I just stay busy....very very busy!
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    Quote Originally Posted by Evilynn View Post
    How do they define "things"? I can layer belly dance movements on top of one another and still play the zills. Or is "dancing" (nevermind how many movements is layered on one another) considered one thing and playing the zills another? Or are "things" only things you have to put more of a conscious mental effort into?
    Dancing while playing the zills and balancing a sword on my head is also do-able. I call BS on this study.

  8. #8

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    Well it was written by a man. And it's a well known fact that men can't multi-task
    One day your life will flash before your eyes. Make sure it's worth watching.

  9. #9
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    I haven't had a chance to read the whole original report, but I'm guessing that "can't do" is too strong a conclusion, more that the study shows that the brain is set up to easily divide up two tasks, and more than two are considerably more difficult and therefore done less effectively.

    Here's the concluding paragraph from the study:

    Moreover, the two frontal lobes, which jointly drive the pursuit of a single goal, divide for driving concurrently the pursuit of two independent goals. This finding suggests that the human frontal function is limited to accurately driving the pursuit of two concurrent goals at one time. Consistent with the previously suggested inability of frontopolar function to recursively compute cognitive branching (4), this capacity limit places a severe constraint bearing upon human higher cognition and may clarify several limitations in human decision-making and reasoning abilities (4). However, no functional dichotomies were observed in the lateral prefrontal and frontopolar cortex despite their involvement in dual-task performance, indicating that these regions in both hemispheres jointly control the serial execution of tasks rather than processing them independently. The lateral prefrontal and frontopolar cortex thus appear to maintain the integrity of volition, at least in healthy human brains.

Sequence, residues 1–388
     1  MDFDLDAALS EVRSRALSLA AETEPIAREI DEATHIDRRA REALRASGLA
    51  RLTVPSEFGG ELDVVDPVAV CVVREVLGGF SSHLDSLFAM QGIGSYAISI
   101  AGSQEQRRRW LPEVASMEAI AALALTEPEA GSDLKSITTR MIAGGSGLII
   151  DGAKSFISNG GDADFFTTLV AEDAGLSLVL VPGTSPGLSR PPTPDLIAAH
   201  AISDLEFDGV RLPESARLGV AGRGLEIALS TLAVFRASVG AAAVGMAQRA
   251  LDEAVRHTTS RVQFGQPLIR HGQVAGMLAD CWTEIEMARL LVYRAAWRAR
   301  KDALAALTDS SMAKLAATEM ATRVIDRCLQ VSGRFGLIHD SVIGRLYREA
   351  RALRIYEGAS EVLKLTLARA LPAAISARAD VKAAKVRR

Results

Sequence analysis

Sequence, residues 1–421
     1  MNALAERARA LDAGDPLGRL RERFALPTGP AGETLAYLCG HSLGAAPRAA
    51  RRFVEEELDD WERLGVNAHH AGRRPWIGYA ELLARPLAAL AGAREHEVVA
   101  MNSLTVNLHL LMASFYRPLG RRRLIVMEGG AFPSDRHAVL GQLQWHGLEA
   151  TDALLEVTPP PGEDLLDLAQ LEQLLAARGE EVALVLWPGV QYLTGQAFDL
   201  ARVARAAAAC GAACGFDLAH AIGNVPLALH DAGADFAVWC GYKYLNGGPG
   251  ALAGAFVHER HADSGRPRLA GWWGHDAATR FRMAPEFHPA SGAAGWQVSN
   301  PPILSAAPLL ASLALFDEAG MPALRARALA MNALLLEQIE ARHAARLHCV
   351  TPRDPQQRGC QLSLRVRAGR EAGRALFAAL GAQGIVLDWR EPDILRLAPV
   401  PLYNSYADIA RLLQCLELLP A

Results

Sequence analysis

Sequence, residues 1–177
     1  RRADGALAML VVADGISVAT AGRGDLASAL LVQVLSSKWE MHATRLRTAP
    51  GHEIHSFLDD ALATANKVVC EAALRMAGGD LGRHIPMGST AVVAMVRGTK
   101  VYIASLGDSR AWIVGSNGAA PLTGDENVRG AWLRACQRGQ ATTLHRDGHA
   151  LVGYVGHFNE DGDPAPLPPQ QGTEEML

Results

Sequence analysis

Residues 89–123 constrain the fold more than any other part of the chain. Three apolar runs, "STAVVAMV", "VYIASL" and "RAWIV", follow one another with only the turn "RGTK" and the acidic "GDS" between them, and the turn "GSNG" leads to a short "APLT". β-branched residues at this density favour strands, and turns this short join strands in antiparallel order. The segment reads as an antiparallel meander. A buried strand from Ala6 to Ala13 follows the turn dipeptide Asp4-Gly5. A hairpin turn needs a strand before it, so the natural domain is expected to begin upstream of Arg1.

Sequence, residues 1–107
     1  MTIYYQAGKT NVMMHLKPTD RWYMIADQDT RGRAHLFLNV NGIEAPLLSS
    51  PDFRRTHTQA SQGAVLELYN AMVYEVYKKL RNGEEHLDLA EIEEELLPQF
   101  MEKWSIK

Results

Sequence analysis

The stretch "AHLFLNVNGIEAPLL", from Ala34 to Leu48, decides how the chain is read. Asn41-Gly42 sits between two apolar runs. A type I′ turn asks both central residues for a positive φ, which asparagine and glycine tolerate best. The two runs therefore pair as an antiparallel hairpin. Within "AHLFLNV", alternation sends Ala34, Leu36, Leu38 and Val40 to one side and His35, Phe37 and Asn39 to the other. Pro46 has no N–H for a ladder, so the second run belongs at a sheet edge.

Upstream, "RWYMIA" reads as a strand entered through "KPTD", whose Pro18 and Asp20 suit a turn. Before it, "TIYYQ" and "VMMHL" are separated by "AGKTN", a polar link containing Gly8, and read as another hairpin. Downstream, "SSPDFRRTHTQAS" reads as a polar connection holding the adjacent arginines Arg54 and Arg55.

Divided Representation of Concurrent Goals in the Human Frontal Lobes
    (full text available by subscription only)
    Last edited by BlueRidge; 04-16-2010 at 03:21 PM. Reason: add the title of the study for the link
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  10. #10
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    Quote Originally Posted by susan6 View Post
    Dancing while playing the zills and balancing a sword on my head is also do-able. I call BS on this study.
    I don't think that would be considered doing three things, though, because while you are doing three different things, they are three things that comprise one whole. IOW, you are performing three related tasks with a single goal.

    What they are talking about, I think, is doing three distinctly different things that have different purposes. For example, cooking and talking on the phone, the two-task sample given, is not the same as, say, cooking three different dishes at the same time for dinner.

    I think a better example of multitasking three things at once would be something like--can you balance your checkbook, watch TV and talk on the phone at the same time?
    "The secret to creativity is knowing how to hide your sources."-- Albert Einstein.

  11. #11